[Gary] He was actually one constitution saving throw away from killing my character permanently.

[Yubi] Which seems to be a bit of a theme for Ed and his characters! So when we were playtesting with everyone I was just thinking “this is a really good group to listen to”. And I just thought it would be really great fun. And I’ve managed to convince everyone else that they’d also have fun and love doing it.

[Gary] We actually went out to dinner one night and we started talking about D&D. And very quickly it went to D&D podcasts and we literally talked for 5 hours about it.

[Yubi] I think of the current group, you were the only one who wasn’t an immediate yes for the podcast.

[Kitty] That is really only because I am much older than everyone else and I have family commitments. I’ve got a nine year old son so I need to make sure that if I’m recording we’re not doing that BBC interview whilst child walks in the background and go “woah woah move move!” Or you know I gut the Orc from button to top and yell “fuck you” then “oh hi darling sorry”. That is basically the only reason I was like “I don’t know if I can go for it.

[Yubi] Ed was the easiest to convince but was the one I was least sure would have an interest because basically after a couple of people had dropped out I was thinking “who do I know that is going to be that perfect 3rd point of the triangle.” Because Gary and Kitty are, I don’t want to say you are quite serious but you tend to…Kitty tends to be a very people focused player. So she will interact with people and that is really great. Whereas Gary is very good at driving a story forward. Gary is very good at picking up on what the plot hooks are and where I’m trying to take the story. But you know you need someone who is going to take everything, look at it, and go “fuck it!” And so Ed popped into my mind as a possibility. So I sent him a message was like “do you want to be in a D&D podcast?” and he was like “yes, that sounds great. Send me the information”.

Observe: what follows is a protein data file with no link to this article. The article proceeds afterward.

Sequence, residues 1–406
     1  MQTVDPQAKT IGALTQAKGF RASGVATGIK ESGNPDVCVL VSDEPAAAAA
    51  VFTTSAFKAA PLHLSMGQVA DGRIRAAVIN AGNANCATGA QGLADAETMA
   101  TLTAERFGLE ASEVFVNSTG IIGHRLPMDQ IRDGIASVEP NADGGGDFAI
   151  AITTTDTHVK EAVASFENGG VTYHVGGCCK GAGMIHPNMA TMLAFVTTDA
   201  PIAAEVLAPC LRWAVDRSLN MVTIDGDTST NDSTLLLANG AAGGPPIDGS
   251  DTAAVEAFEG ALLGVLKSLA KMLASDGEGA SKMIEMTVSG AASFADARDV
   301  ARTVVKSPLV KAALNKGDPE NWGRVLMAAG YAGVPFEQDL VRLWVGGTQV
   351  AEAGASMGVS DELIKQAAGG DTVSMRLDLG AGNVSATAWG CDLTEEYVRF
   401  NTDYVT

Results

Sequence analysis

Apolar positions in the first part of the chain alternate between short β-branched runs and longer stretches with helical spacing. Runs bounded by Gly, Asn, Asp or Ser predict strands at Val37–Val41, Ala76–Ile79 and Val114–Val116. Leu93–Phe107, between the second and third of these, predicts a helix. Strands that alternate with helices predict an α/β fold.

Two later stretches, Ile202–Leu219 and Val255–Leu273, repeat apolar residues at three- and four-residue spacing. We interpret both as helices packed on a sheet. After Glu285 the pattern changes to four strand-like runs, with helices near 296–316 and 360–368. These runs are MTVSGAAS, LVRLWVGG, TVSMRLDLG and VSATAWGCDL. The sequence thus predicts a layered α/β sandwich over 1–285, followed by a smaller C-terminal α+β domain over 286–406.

Group Dynamics

[Scott] So my next question was going to be “could you tell me a bit about your group dynamics” but you pretty well hit it right there. Is there anything else you’d like to add?

[Gary] Well we all think in different ways. Like I am constantly surprised, especially by Ed, and Kitty in terms of the solutions they come up with and the way they think things through.

[Kitty] Yeah, that is absolutely true. I really enjoy the people focused stuff and character focused stuff. And whilst I’m sort of aware of the plot hooks going on and the story that could be told. It is never my first thought. I’m thinking more “well no where are we going? What are we all going to be doing in this situation? And so quite often there will be problems that arise, puzzles to solve, where I sit there and go “I don’t know!” So its very interesting and unusual seeing people who will go “hmm well we need to do X, Y, and Z” and I’m like “oh…oh yeah that would be a sensible thing to do.” I’ll help but I won’t have the idea.

[Gary] I’ve been computer gaming since I was, I don’t know 5 or 6. So for me the best challenge for this whole project is working in ideas of character and plot development and things like that. Rather than just Min Maxing and building in a particular way.

[Yubi] It is really interesting to throw a challenge at them. Because in the first episode we had the magical stair team building exercise, which was absolutely lifted from some google search for “how to build team synergy”, to see how they all kind of react to puzzles as simple as which door do you want to open to getting up the stairs, to your about to have a fight with a thing. That was something i really wanted to do in the first episode, throw a couple of different things at them so they could out where their character stood and how their companions also worked through that.

Unexpected Challenges

[Scott] Man your just hitting my questions left and right…it’s almost like you have my questions! My next questions was going to be if you guys had encountered any unexpected challenges. But it sounds like you had some with two players dropping out.